A man’s decision to fly to London to watch a football game was cited by his ex-wife in court papers as reason why he could afford to pay outstanding school fees of P47 800 for his child at a pricey Gaborone private school.
The man, Dudley Senabye, found himself in hot water after his ex-wife, Susan Kenosi, dragged him to court seeking an order compelling him to pay outstanding school fees due to Livingstone Kolobeng International School for their minor child. When the couple divorced in 2001, Kenosi was given full custody of all minor children and the minor child on whose behalf she launched the case is now 20 years old. After completing his secondary school last year, he was enrolled by his mother at Livingstone to study for “A” Levels and will be completing this year.
According to the divorce settlement, Senabye is responsible for his children’s school fees. This order was made by the late Justice Moatlhodi Marumo and subsequently affirmed by Justice John Mosojane and at this point in time, Kenosi was unemployed. Last year, she was appointed Specially Elected councillor in the Gaborone City Council.
Some time this year, Kenosi asked Senabye to pay all outstanding school fees because he had always been responsible for paying school fees. As evidence that her ex-husband was flush with cash, Kenosi pointed out that he “had recently undertaken a trip to London to watch a football game and was therefore in a position to pay the fees.” As regards her own financial ability, Kenosi stated that she was ill-disposed because she was supporting two of her grown-up children and her grandchildren. Additionally, she had recently bought a car to run family errands with and was thus in financial distress.
Senabye counter-argued that he was never consulted when the child was enrolled at Livingstone; he had solely put the child through school from primary to secondary school; that having done “exceedingly well” in his BGCSE examinations, the child could easily have been admitted to University of Botswana (or any other tertiary education institution for that matter) if his ex-wife hadn’t decided to enroll him for “A” Levels; that on account of having been made councillor, Kenosi was in a position to financially contribute to the child’s schooling; that the child’s enrolment for “A” Levels was not in his plans at the time of the divorce; and that such enrolment was neither part of normal secondary school education in Botswana nor a requirement for admission at any tertiary education institution in Botswana. He further argued that since it was his ex-wife’s sole decision to enroll the child for “A” Levels, she could not impose the cost of such decision on him.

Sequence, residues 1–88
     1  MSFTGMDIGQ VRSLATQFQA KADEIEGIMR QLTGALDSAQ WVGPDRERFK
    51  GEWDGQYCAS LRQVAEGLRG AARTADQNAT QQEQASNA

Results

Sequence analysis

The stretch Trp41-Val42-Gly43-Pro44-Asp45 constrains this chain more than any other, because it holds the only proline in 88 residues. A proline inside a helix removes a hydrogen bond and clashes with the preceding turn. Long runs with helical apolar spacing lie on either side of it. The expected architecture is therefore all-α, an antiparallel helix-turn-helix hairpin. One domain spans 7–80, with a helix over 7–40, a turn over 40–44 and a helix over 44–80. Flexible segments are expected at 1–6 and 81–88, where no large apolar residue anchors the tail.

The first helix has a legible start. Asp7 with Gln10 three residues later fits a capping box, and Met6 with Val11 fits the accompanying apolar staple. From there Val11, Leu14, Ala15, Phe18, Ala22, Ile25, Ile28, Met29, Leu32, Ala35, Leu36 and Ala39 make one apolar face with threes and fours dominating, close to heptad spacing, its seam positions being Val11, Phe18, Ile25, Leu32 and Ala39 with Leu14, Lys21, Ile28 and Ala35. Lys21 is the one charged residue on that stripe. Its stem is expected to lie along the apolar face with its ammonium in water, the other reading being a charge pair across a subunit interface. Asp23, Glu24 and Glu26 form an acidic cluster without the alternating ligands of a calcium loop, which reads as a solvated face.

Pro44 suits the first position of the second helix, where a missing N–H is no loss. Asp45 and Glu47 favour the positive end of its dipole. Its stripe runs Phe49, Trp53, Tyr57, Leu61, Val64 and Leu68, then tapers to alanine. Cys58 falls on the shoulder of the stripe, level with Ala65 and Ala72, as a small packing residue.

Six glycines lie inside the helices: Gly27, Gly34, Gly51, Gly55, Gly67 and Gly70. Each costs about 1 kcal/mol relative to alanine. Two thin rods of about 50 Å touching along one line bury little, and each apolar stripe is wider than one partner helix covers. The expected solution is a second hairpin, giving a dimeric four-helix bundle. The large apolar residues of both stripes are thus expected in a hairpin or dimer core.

In his judgement, Justice Dr. Zein Kebonang found that while common law gives the custodian parent the right to regulate a child’s daily life (including making decisions regarding their education, choice of school, medium of instruction and general upbringing) it “does not, in my view, extend to making financial decisions or commitments on behalf of the non-custodian parent.”
Kebonang agreed with the father that enrolling the child at Livingstone was unnecessary because he could easily have been admitted for his undergraduate studies at any tertiary education institution in Botswana.
“The enrolment of the child for “A” Levels was really about the applicant and not the child. It offends against one’s sense of right and justice that the applicant’s own conveniences and personal indulgences, such as buying a car, looking after her adult children and grandchildren would take precedence over her minor child’s school needs. Her unmitigated sense of right and entitlement, that she can commit the respondent financially without even consulting him leaves one also puzzled,” Kebonang said in his judgement.
Kenosi will have to find a way to pay the outstanding school fees because the judgement says that any contractual claim made by the school must lie against her.
“There is simply no basis for holding the respondent as a non-contracting parent to the claim by the school,” the judge said.